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What makes a good charter pilot?

Old 30th Apr 2009, 02:37
  #21 (permalink)  
 
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The ability to cope with being continuously shafted by the operator's you work for
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Old 30th Apr 2009, 03:28
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The ability to survive on 2 min noodles and lose all sence of smell. Not to mention the ability to not dry retch when moping up spew
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Old 30th Apr 2009, 06:39
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Knowing the accurate fuel capacity of the aircraft, even though they have been flying it for 1 year. Believe me some don't.
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Old 30th Apr 2009, 07:31
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What makes a good charter pilot

Socks and Thongs:
Ando1Bar:

A most important point to mention, is that of your own standard.

I flew VIP's for many years. My standard of operation was that if I had a good safe pleasant flight, then everbody behind me had the same flight. There should be no different standard, if you have passengers or not.

Do not tell untruths and gain and maintain the trust of the Clients

Tmb
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Old 30th Apr 2009, 09:44
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A good chief pilot.
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Old 30th Apr 2009, 11:46
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Know your machine, a good knowledge of the systems, fuel capacity and endurance. Be able to work out accurate payloads / endurance at different fuel loads off the top of your head.

Know the rules and operator SOP's well, You cant always pull out the books.

Listen to all the advice you can get, then decide whether you think its crap or not.

Probably the most dangerous phrase in G.A "she'll be right". she aint always right, often shes not even close.
My other favourite one is 'the last guy did it ok." (There is a joke in NZ that sums this one up quite well)

Expect to be put on the spot. Whether it be taking extra weight from a short strip or pushing into bad weather. Set your limits early and dont push beyond them. the pax may kick up a stink but safety has to be the over-riding factor at all times, its for their benefit too. if your getting worried then usually your pax started to worry 10 minutes ago.

Other than that I would suggest getting a taste for canned food and always carry a good book with you. At the end of the day GA is a fun sector of aviation, try and enjoy it.
Its only as dangerous as you choose to make it.
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Old 30th Apr 2009, 12:01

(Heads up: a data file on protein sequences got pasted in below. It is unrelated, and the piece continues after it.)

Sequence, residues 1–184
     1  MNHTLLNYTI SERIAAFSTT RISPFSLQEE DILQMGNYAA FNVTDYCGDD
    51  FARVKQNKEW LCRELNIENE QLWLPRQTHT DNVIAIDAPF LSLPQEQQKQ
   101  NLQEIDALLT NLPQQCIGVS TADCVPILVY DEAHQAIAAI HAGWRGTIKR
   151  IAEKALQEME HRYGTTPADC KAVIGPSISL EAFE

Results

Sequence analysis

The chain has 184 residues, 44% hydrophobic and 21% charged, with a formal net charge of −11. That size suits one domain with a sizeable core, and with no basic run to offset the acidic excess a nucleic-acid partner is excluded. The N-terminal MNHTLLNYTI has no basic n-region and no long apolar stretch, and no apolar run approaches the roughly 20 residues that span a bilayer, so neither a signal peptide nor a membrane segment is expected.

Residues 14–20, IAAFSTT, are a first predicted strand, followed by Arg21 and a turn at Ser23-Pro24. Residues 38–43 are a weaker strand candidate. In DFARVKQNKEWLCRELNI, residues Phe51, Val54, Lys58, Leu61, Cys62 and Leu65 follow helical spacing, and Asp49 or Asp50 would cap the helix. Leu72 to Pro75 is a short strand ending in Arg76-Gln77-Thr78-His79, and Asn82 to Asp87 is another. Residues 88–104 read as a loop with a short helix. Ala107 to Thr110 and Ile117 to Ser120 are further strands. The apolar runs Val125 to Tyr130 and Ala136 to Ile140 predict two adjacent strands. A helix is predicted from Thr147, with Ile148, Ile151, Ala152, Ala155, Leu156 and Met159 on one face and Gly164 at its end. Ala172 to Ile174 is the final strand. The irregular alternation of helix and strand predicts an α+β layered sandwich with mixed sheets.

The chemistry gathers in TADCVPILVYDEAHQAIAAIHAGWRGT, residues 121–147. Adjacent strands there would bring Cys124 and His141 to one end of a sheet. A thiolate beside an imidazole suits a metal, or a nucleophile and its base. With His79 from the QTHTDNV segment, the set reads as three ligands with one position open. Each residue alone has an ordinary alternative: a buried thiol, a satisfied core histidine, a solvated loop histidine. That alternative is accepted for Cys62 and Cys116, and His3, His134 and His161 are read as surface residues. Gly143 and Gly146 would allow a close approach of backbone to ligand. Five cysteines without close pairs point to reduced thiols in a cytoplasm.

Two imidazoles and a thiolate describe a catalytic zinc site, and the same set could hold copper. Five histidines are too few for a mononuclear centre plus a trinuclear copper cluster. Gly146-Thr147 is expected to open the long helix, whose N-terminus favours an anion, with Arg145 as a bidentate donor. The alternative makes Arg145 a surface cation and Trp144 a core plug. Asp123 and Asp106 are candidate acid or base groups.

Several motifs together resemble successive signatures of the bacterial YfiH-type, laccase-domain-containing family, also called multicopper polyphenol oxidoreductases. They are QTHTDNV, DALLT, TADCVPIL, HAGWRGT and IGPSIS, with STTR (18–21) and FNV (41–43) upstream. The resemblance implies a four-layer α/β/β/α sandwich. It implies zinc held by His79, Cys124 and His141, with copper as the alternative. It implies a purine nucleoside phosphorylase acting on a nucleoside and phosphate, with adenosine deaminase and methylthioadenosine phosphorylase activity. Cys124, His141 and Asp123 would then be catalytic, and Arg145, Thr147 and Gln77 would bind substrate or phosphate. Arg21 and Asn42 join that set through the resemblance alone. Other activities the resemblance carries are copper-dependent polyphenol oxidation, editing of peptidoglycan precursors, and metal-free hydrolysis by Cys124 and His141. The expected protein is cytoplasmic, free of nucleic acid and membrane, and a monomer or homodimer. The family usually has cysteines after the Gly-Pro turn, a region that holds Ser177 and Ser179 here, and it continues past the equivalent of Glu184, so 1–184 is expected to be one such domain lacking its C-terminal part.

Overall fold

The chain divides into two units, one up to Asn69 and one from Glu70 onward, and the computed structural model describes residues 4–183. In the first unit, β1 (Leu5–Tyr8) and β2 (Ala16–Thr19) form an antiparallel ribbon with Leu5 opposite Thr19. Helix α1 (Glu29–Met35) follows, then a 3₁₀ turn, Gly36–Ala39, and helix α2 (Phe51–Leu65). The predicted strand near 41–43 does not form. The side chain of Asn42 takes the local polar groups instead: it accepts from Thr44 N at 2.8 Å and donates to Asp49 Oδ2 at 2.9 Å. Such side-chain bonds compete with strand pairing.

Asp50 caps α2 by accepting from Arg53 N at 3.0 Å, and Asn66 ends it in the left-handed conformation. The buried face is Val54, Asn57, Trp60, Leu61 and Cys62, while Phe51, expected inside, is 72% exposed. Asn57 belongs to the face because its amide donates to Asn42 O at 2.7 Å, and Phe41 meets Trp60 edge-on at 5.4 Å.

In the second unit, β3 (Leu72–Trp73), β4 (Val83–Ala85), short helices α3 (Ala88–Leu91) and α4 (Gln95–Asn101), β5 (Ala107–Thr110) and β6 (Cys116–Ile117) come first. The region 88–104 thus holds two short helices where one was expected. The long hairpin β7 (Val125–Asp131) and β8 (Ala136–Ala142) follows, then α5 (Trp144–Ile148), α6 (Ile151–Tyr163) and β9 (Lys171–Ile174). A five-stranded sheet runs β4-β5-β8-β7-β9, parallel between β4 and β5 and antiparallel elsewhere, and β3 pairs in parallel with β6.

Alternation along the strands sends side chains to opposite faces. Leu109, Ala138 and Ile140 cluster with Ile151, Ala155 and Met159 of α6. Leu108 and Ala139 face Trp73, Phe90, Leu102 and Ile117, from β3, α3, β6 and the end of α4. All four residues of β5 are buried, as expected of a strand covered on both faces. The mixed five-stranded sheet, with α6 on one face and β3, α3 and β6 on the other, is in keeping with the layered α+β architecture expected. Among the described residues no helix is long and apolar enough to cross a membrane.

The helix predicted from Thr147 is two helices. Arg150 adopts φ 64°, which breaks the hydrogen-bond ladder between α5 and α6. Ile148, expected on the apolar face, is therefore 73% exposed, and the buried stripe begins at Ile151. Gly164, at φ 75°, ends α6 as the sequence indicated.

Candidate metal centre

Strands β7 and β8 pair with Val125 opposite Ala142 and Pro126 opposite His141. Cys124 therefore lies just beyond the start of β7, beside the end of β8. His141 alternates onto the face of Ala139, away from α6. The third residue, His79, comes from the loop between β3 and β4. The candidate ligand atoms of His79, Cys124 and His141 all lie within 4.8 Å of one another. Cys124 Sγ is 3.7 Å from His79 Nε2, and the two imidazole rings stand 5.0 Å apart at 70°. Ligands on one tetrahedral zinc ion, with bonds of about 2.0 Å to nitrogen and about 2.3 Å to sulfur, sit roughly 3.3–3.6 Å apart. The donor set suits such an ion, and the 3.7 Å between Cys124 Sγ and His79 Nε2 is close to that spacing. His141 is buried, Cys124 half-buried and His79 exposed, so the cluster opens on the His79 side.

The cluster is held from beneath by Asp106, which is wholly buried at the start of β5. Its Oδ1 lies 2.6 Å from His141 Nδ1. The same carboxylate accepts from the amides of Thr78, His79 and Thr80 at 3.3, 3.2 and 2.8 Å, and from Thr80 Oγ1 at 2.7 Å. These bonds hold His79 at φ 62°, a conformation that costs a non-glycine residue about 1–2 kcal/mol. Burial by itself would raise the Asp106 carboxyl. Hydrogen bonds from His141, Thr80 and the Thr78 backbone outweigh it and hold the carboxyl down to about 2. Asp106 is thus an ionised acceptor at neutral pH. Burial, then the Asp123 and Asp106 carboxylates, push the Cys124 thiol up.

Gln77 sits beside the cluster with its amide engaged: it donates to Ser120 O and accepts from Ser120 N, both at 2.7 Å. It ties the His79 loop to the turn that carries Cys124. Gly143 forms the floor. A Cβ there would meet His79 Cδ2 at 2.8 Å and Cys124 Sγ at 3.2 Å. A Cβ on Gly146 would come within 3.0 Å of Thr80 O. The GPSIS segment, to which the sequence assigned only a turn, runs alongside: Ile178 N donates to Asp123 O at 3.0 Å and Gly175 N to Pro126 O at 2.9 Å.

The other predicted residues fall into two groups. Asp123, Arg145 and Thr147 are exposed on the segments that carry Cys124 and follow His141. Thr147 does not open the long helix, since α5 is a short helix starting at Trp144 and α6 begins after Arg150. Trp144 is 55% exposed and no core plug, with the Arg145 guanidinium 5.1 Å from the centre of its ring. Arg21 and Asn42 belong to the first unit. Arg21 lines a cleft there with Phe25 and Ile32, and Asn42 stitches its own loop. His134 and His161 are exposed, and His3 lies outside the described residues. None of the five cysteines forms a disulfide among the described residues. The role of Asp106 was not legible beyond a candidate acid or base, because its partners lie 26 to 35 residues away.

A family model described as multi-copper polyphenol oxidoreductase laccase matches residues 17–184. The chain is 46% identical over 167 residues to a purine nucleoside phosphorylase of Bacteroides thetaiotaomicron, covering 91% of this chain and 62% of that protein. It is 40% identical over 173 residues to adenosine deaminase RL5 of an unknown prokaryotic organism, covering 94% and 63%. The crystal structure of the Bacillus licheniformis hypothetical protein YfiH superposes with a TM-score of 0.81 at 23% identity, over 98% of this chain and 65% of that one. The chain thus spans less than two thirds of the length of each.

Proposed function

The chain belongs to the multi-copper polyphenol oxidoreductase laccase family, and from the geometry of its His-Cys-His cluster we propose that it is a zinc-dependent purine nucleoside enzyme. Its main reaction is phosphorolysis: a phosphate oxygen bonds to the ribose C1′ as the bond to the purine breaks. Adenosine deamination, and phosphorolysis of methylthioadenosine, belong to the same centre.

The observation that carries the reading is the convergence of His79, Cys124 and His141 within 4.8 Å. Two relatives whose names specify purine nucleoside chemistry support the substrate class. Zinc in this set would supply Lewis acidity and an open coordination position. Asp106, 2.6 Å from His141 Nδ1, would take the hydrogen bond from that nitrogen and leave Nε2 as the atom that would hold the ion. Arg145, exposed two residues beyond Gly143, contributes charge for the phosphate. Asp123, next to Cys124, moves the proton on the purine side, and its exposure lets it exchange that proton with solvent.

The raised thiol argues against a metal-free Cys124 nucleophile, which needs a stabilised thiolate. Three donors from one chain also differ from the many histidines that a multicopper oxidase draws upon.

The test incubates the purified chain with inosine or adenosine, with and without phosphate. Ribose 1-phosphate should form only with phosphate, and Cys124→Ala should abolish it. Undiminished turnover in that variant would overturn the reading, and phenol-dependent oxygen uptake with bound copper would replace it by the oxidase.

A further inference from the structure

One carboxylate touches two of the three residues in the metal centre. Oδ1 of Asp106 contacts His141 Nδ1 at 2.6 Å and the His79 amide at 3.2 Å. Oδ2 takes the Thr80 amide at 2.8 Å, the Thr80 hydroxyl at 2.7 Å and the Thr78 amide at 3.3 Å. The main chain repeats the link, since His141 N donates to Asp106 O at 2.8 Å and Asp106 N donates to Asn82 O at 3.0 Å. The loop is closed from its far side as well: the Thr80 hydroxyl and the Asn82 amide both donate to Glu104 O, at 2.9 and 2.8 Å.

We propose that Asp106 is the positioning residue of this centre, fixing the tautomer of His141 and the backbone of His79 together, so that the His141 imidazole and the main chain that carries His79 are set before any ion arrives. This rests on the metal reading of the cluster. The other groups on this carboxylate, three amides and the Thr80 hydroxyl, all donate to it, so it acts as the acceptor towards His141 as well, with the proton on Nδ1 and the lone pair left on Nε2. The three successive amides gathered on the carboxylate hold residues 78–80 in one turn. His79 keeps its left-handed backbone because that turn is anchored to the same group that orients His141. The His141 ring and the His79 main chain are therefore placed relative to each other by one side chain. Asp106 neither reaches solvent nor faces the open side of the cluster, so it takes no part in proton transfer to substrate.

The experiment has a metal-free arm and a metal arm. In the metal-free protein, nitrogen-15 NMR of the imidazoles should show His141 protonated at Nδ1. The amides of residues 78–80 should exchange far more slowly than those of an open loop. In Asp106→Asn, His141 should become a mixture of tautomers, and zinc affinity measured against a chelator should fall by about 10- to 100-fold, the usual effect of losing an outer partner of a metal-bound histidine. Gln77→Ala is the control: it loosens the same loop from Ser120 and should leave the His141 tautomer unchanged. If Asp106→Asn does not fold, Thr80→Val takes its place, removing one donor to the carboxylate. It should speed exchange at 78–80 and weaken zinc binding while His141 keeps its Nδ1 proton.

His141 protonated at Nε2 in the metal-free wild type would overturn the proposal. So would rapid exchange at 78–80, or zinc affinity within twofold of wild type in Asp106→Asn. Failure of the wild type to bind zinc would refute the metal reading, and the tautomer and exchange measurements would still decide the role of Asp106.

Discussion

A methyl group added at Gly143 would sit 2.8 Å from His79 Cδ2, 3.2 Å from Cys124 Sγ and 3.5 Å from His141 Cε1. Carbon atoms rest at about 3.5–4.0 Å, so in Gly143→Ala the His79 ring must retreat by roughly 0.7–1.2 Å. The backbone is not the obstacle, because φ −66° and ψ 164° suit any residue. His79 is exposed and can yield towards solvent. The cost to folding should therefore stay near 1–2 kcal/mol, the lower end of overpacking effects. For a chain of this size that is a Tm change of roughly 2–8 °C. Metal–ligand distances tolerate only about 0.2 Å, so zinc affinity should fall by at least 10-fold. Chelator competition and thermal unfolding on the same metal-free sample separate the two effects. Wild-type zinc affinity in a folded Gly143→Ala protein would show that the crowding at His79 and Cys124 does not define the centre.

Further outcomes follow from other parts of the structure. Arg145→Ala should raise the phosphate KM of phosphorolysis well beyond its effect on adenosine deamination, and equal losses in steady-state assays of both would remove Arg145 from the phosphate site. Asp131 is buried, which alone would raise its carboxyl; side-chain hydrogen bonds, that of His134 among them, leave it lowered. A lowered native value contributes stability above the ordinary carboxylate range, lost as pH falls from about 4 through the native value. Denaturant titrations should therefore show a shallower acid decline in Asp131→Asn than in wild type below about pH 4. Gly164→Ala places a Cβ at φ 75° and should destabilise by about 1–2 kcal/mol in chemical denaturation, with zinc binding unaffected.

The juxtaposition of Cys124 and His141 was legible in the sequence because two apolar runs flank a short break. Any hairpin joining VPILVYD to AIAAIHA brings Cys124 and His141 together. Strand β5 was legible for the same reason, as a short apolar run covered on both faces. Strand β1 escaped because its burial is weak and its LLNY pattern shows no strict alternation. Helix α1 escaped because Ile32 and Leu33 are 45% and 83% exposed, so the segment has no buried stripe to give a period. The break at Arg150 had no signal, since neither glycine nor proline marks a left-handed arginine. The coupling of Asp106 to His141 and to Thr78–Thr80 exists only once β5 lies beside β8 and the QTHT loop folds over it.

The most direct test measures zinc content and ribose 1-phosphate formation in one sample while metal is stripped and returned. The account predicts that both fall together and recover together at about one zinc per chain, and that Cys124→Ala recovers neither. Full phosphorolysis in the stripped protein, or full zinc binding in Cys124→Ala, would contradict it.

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Other than that I would suggest getting a taste for canned food
Heeey Bro, wanna chup???
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Old 30th Apr 2009, 12:23
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Are your students working with a flight and duty programe while training?
They never seem to know much when they start out with a fresh CPL.

As Mr Hat states " know when to turn back "
Know what the M/R should be used for
Know how an MEL works
Understand weight and balance
Keep the a/c clean, wipe oil off cowls, u/c doors ect
Wear an ironed shirt!!!
Not so popular with the boss / clients - tats, personal metal fittings ect
Log I/F correctly
Ride your motor bike sedately around the office area

ect ect ect
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Old 30th Apr 2009, 12:54
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Play Flight SIM until you have 10,000 hours on type.........
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Old 30th Apr 2009, 13:13
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Ciscodiscocisco you where the best charter pilot that I ever met even thou you werent one and lied to some clients who later requested you .

For my two cents a pilot with a a good rapport with the clients and keeps a clean aircraft will go a long way. Remember there chartering the plane for a reason, not to build your hours.
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Old 30th Apr 2009, 13:27
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know how to fly overweight if required. know how to get back with a system unserviceablity when others might not. know how to 'get in' when others cant.

can see certain types cringing at just the few points mentioned. funny thing is these qualities/skills go all the way to airline flying and arguably into space flight.